Elsevier supports many of the measures, such as the Research Works Act, that attempt to stop the move to open access. They also supported SOPA and PIPA and lobbied strongly for them.

I also don’t see any argument at all against refusing to submit papers to Elsevier journals.

So I am not only going to refuse to have anything to do with Elsevier journals from now on, but I am saying so publicly. I am by no means the first person to do this, but the more of us there are, the more socially acceptable it becomes

Good for him. All we need is for more and more scientists, mathematicians and engineers to support open science with thier actions and open science will be the way things are. It is as simple as that. The outdated business practices of the old journals will die. Either the existing publishers will finally give up on their extremely outdated practices or they will be replaced.

Related: The Architecture of Access to Scientific KnowledgeMerck and Elsevier Publish Phony Peer-Review JournalThe Future of Scholarly Publication (2005)Science Journal Publishers Stay Stupid (2007) “It is time for the scientific community to give up on these journals and start looking to move to work with new organizations that will encourage scientific communication and advancement”

The Architecture of Access to Scientific Knowledge

Posted on April 28, 2011 2 Comments

The Architecture of Access to Scientific Knowledge from lessig on Vimeo.

Larry Lessig speaks at CERN about the proper use of copyright and the moral case for open access. As I have written many times, I strongly believe our society is better off when science is open. I believe we now are allowing a few greedy institution (that seek to restrict science for the benefit of their organization) to pay our politicians to damage society for the benefit of a few donors.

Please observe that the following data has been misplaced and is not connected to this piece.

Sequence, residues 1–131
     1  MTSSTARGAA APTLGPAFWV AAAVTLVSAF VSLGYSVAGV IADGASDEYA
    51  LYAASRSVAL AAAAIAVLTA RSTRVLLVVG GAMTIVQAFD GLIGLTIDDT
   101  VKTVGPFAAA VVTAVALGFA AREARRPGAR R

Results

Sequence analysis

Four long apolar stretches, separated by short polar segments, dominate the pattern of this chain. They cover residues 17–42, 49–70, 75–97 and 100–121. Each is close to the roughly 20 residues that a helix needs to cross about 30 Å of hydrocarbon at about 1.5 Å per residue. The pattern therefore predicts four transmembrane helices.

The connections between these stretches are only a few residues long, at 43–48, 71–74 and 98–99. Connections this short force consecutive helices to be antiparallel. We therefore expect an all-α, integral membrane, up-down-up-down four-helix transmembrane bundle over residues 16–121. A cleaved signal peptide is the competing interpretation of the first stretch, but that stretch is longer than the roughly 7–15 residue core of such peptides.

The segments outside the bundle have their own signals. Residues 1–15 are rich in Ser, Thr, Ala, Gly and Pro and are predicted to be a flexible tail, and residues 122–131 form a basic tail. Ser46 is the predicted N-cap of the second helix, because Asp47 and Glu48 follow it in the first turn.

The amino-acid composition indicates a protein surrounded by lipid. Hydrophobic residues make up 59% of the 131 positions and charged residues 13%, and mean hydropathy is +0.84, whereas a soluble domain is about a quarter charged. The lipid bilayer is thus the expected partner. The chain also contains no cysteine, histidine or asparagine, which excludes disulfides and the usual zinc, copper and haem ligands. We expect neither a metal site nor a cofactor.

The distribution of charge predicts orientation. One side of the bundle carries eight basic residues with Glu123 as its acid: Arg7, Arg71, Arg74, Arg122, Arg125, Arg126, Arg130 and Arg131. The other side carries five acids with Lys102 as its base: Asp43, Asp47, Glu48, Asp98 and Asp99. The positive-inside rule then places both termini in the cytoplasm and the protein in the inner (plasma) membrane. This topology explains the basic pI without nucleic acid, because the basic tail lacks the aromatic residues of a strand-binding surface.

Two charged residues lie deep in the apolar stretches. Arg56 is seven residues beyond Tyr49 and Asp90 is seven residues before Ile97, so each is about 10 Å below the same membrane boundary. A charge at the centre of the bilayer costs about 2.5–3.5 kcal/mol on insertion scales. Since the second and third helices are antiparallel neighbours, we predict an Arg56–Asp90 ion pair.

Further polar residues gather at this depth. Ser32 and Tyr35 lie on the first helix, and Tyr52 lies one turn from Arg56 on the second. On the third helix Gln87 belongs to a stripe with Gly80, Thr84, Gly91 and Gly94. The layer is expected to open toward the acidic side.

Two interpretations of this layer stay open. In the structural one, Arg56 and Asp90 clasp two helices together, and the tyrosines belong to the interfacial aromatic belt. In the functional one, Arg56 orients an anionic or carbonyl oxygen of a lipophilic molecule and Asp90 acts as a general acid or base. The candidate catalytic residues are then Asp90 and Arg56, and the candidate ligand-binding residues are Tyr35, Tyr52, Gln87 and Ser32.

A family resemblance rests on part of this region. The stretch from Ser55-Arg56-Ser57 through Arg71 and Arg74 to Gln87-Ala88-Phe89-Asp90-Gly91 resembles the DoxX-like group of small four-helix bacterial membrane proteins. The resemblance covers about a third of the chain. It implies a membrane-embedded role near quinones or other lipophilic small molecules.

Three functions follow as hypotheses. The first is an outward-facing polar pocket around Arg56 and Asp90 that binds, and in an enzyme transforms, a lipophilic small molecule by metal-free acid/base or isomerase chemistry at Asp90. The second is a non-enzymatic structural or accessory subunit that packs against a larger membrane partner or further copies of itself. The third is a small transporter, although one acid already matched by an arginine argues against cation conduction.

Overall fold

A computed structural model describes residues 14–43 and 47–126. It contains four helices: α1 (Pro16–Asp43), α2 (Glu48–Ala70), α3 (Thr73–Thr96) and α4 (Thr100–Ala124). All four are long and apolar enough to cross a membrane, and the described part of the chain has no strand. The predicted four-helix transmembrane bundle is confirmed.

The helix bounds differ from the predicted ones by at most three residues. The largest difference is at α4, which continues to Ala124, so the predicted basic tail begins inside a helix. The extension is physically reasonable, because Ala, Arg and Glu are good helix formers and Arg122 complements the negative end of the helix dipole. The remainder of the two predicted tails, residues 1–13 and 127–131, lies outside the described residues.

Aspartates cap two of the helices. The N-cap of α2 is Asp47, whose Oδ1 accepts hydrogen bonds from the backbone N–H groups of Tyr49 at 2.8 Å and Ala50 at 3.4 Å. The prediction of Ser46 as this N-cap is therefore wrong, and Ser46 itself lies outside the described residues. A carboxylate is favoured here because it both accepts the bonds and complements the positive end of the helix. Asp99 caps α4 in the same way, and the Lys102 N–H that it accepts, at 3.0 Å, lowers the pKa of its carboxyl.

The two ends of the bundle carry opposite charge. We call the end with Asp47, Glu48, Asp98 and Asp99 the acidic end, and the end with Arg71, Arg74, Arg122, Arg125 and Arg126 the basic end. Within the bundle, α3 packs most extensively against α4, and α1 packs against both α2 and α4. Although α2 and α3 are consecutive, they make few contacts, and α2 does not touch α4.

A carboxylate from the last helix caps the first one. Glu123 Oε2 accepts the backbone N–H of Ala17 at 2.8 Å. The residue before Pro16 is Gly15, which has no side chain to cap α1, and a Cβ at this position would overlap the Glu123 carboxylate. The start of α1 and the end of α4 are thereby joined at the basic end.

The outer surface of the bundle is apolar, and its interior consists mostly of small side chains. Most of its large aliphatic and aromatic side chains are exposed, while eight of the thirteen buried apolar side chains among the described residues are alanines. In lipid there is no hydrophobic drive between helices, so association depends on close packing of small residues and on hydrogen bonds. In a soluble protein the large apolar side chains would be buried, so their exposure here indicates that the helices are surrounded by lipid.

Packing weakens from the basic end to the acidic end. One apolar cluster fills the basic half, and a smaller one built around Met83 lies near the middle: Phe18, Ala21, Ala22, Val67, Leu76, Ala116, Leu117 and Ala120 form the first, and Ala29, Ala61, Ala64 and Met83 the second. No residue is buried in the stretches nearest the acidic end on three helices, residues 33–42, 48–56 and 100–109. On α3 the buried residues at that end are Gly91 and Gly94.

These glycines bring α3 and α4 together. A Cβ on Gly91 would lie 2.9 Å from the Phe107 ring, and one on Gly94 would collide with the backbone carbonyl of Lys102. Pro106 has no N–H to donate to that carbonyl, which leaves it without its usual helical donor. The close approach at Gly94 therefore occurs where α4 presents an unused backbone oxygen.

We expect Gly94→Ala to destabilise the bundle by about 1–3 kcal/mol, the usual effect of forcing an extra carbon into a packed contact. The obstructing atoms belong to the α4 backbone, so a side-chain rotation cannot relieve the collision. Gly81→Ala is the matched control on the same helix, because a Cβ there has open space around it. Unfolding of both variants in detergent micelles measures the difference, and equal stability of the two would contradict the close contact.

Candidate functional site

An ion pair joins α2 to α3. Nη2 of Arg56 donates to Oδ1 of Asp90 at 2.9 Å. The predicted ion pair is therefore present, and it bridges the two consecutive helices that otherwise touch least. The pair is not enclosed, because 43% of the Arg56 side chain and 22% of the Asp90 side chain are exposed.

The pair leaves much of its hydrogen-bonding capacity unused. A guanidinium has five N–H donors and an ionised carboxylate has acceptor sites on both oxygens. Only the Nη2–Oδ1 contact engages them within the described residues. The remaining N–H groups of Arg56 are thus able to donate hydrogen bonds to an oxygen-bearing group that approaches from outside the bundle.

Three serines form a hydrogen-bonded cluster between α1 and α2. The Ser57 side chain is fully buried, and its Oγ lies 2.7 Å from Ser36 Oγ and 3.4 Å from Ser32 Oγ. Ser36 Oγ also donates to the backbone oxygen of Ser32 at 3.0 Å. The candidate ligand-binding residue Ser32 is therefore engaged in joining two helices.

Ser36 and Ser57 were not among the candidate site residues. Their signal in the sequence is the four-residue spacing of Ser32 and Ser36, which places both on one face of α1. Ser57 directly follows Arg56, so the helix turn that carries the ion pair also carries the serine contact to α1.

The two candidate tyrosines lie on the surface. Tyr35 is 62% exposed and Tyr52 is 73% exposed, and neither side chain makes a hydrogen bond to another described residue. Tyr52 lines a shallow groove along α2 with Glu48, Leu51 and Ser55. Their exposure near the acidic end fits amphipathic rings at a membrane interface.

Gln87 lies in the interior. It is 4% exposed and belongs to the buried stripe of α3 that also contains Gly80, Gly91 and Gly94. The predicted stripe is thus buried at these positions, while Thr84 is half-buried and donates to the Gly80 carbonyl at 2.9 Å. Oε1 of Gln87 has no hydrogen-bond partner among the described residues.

Related: The Future of Scholarly PublicationToward a More Open Scientific Culture Why Copyright Extension is a Very Bad IdeaPatent Gridlock is Blocking Developing Lifesaving DrugsBad Government, Closed AccessJohn Conyers Against Open ScienceScience CommonsPublic Library of Science

Arduino: Open Source Programmable Hardware

Posted on January 7, 2010 3 Comments

Arduino is an open-source electronics prototyping platform based on flexible, easy-to-use hardware and software. It’s intended for artists, designers, hobbyists, and anyone interested in creating interactive objects or environments.

Arduino can sense the environment by receiving input from a variety of sensors and can affect its surroundings by controlling lights, motors, and other actuators. The microcontroller on the board is programmed using the Arduino programming language and the Arduino development environment.

The boards can be built by hand or purchased preassembled; the software can be downloaded for free. The hardware reference designs (CAD files) are available under an open-source license, you are free to adapt them to your needs.

See the getting started guide to try for yourself.

Related: Home Engineering: Physical Gmail NotifierSelf Re-assembling Robots
Lego Mindstorms Robots Solving: Sudoku and Rubik’s CubeBabbage Difference Engine In Lego